Microelectronic Process Integration


Defining the actual microelectronic fabrication process to create a device is known as process integration. Process integration involves combining all of the individual silicon processing steps with the appropriate masks and equipment settings to create a functioning device. The simplified process flow to create an integrated resistor (shown below) provides an indication of the methods in which these steps may be combined.

Start with Silicon Wafer

Dirty Wafer


Wet Clean the Wafer

Clean Wafer


Oxidize the Wafer in Diffusion Furnace

Blanket Oxide


Coat, Expose, and Develop Photoresist

Implant Lithography


Dry Etch Oxide, Stop on Silicon

Dry Etch Oxide, Stop in Silicon


Ion Implantation into Silicon

Implant Silicon


Etch Photoresist and Oxide

Diffusion in Silicon


Oxidize the Wafer in Diffusion Furnace

Oxidized Diffusion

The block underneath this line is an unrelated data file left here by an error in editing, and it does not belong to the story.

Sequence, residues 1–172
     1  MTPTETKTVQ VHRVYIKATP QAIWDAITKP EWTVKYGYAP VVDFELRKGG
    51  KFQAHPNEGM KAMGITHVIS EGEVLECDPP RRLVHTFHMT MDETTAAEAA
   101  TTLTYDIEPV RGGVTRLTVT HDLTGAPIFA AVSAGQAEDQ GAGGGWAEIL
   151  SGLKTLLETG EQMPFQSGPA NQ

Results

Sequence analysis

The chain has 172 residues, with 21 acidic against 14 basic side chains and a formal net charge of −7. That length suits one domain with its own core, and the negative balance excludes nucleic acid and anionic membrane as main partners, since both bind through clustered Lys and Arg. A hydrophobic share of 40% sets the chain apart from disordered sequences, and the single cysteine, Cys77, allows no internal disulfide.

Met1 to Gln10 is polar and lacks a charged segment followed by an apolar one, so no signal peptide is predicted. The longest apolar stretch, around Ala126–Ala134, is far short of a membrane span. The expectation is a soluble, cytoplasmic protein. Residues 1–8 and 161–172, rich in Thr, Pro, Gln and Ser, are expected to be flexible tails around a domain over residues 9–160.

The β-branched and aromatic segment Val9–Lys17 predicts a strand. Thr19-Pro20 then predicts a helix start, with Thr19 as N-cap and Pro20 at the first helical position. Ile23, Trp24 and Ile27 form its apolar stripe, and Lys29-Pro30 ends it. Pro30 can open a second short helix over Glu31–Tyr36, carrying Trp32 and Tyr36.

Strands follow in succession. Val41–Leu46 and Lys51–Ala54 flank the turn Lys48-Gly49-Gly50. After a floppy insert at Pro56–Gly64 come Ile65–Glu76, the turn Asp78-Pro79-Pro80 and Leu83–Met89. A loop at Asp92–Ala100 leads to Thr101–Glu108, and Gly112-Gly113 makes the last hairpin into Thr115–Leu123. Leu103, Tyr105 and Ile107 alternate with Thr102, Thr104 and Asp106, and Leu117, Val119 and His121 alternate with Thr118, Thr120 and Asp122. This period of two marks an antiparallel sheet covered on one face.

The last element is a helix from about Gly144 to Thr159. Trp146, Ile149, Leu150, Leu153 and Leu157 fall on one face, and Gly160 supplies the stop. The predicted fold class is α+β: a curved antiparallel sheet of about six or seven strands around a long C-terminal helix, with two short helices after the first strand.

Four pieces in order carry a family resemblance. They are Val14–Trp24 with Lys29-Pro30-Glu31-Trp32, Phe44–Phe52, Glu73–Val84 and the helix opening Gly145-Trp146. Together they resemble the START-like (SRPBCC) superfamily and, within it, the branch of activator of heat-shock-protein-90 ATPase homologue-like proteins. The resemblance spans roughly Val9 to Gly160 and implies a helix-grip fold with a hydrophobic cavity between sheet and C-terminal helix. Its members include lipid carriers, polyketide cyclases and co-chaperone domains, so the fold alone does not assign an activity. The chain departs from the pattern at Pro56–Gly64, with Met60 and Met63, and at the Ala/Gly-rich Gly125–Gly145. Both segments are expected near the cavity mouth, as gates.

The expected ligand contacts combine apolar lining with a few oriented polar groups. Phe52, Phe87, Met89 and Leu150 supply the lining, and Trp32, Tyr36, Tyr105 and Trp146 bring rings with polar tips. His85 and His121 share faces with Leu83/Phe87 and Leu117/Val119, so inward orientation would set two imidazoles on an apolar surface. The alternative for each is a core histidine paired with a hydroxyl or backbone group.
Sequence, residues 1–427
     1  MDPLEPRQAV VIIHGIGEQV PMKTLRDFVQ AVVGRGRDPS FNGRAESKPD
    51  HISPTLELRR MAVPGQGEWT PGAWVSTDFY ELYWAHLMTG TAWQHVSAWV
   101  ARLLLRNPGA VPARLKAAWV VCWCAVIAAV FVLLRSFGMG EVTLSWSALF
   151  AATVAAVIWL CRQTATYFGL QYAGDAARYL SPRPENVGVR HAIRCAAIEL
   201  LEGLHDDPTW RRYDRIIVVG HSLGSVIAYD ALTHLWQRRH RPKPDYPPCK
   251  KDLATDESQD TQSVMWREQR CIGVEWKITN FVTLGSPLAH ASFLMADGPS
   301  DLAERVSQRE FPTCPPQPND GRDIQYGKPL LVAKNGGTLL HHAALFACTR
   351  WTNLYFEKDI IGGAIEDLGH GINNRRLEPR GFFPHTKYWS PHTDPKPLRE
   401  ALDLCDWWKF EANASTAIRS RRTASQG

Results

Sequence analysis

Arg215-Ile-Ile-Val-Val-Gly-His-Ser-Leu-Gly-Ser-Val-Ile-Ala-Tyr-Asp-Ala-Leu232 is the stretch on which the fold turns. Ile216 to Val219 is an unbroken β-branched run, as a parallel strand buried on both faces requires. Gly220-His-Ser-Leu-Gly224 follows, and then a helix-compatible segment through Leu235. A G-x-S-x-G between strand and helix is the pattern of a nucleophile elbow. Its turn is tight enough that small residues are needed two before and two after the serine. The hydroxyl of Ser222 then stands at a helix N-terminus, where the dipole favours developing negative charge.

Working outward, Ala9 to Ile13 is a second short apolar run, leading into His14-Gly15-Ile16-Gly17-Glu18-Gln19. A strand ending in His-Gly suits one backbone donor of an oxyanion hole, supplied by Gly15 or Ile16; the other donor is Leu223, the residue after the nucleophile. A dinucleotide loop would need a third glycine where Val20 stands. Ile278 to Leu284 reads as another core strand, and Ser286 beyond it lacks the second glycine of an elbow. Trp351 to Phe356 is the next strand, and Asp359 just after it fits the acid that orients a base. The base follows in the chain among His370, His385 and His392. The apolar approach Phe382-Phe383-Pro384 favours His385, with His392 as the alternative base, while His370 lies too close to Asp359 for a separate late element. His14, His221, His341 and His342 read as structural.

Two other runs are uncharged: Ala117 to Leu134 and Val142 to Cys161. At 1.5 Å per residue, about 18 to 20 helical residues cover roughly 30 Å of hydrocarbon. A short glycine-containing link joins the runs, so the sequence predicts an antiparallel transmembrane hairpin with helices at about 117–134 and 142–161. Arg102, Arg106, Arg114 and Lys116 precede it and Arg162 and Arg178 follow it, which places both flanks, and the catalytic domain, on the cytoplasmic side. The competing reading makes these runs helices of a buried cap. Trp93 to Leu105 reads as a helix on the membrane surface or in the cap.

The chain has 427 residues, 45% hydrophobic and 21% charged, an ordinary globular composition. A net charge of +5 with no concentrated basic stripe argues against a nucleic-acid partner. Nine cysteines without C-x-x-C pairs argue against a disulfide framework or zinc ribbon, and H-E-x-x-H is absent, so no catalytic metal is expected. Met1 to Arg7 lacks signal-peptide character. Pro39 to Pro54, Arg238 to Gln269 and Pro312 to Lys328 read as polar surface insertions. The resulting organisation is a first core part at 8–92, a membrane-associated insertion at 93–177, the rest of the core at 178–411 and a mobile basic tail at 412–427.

Coat, Expose, and Develop Photoresist

Lithography Contact Cut


Coat, Expose, and Develop Photoresist

Etch Contact Cuts


Remove Photoresist

Strip Contact Cuts


Deposit Metal by Sputtering or Evaporation

Metal Deposition


Coat, Expose, and Develop Photoresist

Metal Lithography


Dry Etch Metal, Stop on SiO2

Metal Etch


Remove Photoresist

Metal PR Strip


You have now created a diffused resistor in silicon. Electrical current travels through the metal and into the silicon, which has been modified to a desired conductivity by the implantation of dopant ions. The current then runs through the doped silicon and out the opposite metal contact.

Though modern devices are considerably more complex, the same basic patterning and processing steps are used in their fabrication. For an added challenge, consider building an integrated resistor or other device using a Lego model.


LEGO Diffused Resistor

LEGO Diffused Resistor

Basic instructions for a Lego diffused resistor are included here. Color code: green=silicon; orange=doped silicon; blue=oxide; red=metal. View required parts list here.